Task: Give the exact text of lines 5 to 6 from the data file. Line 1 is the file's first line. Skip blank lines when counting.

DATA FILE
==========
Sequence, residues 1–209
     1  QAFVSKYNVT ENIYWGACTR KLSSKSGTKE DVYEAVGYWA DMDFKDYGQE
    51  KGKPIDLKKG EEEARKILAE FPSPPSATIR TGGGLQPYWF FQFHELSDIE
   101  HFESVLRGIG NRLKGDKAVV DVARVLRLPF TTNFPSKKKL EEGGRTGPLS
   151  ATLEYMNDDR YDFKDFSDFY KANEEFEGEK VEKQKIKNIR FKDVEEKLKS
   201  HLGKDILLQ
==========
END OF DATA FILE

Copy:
   151  ATLEYMNDDR YDFKDFSDFY KANEEFEGEK VEKQKIKNIR FKDVEEKLKS
   201  HLGKDILLQ